I suppose it's difficult to complain much about the Arthur Rhodes signing, but I'll do my best.
Why does this signing seem like deja vu all over again?
Let's see, the organization deems itself so desperate for a lefthanded reliever that they throw a multi-year contract at an elderly lefty coming off a single bounce back season after several years of lackluster performance.
Hmmm.....Mike Stanton anyone?
Well, I suppose we can realistically hope for better, as Rhodes has much better stuff and is far less dependent on the team's defense. In 2008, Rhodes struck out 10.19 hitters per nine innings, while Stanton regularly sat in the ~6.0 K/9 range. Any time a Reds pitcher can avoid relying on the team's inept defense the better, so Rhodes has that going for him.
In addition, Rhodes mainted good velocity on his fastball, which averaged 91.4 mph and regained some velocity on his slider, which was back up to an average 83.6 mph for the first time since 2005.
So, while there are a few positives on Rhodes, I'm still not sure it was the best way to go. Over the past 3 years, Rhodes has been appreciably better against lefties (.220 BA and .295 OBP) than righties (.266 BA and .379 OBP), so Dusty will need to fight the urge to over-utilize Rhodes if this deal is going to work out at all.
Once again, the Reds have acquired a player who really doesn't seem likely to make the Reds appreciably better. At the very least, I suppose the risk is fairly low given the annual salary that he is set to make. However, I think the upside is rather limited as well and there is significant performance risk. Treading water seems to be the order of the day in Cincinnati this offseason.
I would like to see the Reds pursue players who would actually improve the club. In this instance, I would rather have seen the Reds pursue Huston Street. The Rockies were rumored to want Aaron Heilman and Pedro Feliciano from the Mets in exchange for Street. It would seem that an equivalent Reds package would be Micah Owings and Billy Bray. If that's the case, I would have pulled the trigger and not thought twice. Bray is a nice pitcher, but I'm just not sure there is any more projection left in him, which would make him a solid lefty reliever and nothing more. The idea of a back-end of the bullpen consisting of Jared Burton in the 7th, Huston Street in the 8th, and Coco Cordero in the 9th is something devoutly to be wished, as the Reds could shorten games to 6 innings. That kind of shutdown bullpen would be the best in the NL and probably all of baseball. Not to mention, it would be the best bullpen the Reds have had since the Nasty Boys were roaming the earth.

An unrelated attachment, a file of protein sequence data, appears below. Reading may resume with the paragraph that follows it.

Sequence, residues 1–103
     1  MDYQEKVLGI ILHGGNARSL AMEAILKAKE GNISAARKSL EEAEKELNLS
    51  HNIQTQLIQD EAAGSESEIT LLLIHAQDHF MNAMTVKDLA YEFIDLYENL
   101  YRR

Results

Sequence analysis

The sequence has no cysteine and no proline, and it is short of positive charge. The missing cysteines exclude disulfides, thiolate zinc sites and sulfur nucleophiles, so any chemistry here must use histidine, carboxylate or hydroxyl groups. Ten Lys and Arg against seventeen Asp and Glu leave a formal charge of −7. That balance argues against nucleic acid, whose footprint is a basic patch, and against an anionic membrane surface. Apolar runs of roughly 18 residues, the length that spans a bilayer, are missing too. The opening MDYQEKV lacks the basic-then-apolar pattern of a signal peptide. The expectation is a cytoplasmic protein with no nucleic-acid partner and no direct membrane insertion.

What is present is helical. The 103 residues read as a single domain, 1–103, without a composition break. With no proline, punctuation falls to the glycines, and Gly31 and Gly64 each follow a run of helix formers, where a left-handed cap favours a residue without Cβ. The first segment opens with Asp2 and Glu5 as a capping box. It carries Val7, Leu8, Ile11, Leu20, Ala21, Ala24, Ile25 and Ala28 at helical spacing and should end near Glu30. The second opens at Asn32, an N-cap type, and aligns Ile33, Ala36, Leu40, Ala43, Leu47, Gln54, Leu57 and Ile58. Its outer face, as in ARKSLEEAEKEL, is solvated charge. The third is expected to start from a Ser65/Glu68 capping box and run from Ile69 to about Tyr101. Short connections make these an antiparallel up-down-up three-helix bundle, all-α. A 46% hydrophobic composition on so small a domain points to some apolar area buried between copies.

To me, acquiring a player like Street would actually improve the team. Street is an impact player, while Rhodes is not. The cost is higher on Street, but so is the reward. The Reds are now in a position where they should be willing to pay a higher cost for a better player. They have the value in the organization to afford better, more long-term solutions. The days of having to settle for retreads and second-hand goods is over. So, once again, I'm underwhelmed by the acquisition, but this time I fear that it will blow up in a Mike Stanton type way.
The Reds should have set their sights higher than mediocre stopgaps like Ramon Hernandez and Arthur Rhodes. It seems like a missed opportunity, as they could have acquired players who were a cut above, like Jarrod Saltalamacchia and Huston Street. Impact players who could have pushed the Reds up the standings in 2009 and still been in the mix for 2010 and beyond. Instead, they have acquired players who will at best be stopgaps until as yet identified players arrive in the future to take over those roles.
Unfortunately, it seems like the continuation of yet another mediocre offseason for the Reds where the goal is to appear to be improving without actually paying the price to do so.
Reds baseball: Full of sound and fury signifying nothing.